This essay reconsiders the iconography of the group of paintings from Dunhuang commonly referred to as “itinerant monk paintings.” In an effort to acknowledge the paintings as a tradition unto themselves and highlight their visual language, this study focuses on the issues surrounding Baosheng Buddha and the unique feature of depicting the main icon in motion. The first matter is discussed in relation to the religious and artistic contexts of the inscriptions preserved in some paintings, and possible changes in the main figure’s identity from a monk worshiping Baosheng Buddha to the incarnation itself. The main icon’s mobile nature is examined in terms of its walking posture and cloud vehicle. Considering the tradition of xingdao seng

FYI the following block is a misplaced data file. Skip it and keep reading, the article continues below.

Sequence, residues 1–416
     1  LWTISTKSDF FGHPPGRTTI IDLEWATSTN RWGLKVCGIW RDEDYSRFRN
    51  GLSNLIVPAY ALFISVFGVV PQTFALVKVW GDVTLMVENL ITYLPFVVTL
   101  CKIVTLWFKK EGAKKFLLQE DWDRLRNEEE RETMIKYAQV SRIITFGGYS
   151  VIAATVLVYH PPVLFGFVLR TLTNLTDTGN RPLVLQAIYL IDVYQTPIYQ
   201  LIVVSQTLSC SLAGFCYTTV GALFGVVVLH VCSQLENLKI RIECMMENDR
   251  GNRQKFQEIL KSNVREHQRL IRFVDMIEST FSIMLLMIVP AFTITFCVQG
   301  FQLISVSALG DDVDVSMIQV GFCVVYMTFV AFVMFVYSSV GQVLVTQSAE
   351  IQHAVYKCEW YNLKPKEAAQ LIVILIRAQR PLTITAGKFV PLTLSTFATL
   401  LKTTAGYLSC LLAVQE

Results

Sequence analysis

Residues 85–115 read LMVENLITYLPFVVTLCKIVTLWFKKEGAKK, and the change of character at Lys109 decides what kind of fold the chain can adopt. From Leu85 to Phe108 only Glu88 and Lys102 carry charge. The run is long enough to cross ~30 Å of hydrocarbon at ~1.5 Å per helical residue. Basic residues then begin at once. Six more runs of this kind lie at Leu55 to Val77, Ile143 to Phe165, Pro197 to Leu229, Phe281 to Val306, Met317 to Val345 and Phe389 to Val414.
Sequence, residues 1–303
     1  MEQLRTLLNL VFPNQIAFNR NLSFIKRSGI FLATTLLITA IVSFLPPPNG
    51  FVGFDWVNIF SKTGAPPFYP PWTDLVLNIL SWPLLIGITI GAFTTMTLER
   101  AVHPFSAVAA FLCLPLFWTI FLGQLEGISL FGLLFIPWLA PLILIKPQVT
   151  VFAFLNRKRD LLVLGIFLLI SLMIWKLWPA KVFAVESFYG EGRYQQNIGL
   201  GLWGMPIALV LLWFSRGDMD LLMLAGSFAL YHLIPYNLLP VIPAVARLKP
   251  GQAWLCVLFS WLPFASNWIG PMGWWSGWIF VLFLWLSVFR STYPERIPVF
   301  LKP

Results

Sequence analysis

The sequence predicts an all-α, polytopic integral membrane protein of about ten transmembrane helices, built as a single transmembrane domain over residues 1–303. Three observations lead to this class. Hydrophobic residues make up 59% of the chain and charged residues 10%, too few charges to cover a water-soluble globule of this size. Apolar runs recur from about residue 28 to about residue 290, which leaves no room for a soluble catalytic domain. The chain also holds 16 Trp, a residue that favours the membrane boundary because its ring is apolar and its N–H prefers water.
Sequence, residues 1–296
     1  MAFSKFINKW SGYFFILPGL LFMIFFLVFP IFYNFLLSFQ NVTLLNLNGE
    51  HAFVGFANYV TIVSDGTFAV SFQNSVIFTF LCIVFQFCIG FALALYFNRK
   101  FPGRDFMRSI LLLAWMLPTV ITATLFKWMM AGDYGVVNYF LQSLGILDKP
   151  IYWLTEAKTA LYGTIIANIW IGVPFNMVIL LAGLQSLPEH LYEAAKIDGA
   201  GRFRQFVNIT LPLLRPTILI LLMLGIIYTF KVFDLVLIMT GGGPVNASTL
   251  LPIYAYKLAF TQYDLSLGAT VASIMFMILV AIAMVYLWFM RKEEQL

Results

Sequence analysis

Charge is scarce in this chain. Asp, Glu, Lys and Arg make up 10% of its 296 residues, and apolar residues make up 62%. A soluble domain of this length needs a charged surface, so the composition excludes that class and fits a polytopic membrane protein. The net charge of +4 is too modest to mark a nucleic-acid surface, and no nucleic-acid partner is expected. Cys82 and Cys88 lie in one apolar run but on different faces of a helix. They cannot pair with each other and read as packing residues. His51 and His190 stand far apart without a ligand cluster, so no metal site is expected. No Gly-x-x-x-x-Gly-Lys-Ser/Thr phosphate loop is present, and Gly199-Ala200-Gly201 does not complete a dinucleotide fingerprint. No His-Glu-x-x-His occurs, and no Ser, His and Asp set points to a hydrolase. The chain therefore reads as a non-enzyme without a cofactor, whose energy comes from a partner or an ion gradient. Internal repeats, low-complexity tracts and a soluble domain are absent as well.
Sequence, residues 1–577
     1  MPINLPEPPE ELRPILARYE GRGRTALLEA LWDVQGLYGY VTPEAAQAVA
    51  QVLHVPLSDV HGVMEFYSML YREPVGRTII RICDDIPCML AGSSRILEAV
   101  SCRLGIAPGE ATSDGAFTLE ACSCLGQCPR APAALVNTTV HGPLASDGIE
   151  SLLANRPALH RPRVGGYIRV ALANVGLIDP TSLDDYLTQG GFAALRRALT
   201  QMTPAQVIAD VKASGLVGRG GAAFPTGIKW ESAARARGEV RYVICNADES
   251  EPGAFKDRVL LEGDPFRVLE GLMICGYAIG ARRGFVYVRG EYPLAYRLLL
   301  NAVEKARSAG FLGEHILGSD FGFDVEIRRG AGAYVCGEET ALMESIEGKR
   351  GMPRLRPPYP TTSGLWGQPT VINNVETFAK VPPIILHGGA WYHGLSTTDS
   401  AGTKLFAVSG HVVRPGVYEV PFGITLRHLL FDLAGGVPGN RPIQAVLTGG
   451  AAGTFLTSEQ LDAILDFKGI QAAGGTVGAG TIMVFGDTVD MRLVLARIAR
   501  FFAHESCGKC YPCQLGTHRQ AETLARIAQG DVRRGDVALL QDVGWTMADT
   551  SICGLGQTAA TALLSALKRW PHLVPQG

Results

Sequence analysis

or xing seng
(walking monks) in monastery murals, this paper illuminates a growing interest in the Tang (618–907) period in portraying walking monks that underscores their position and role in the world of sentient beings. Furthermore, it demonstrates that the cloud vehicle played a critical role in underlining the main icon’s extensive and rapid travel to facilitate his encounter with and saving of sentient beings.
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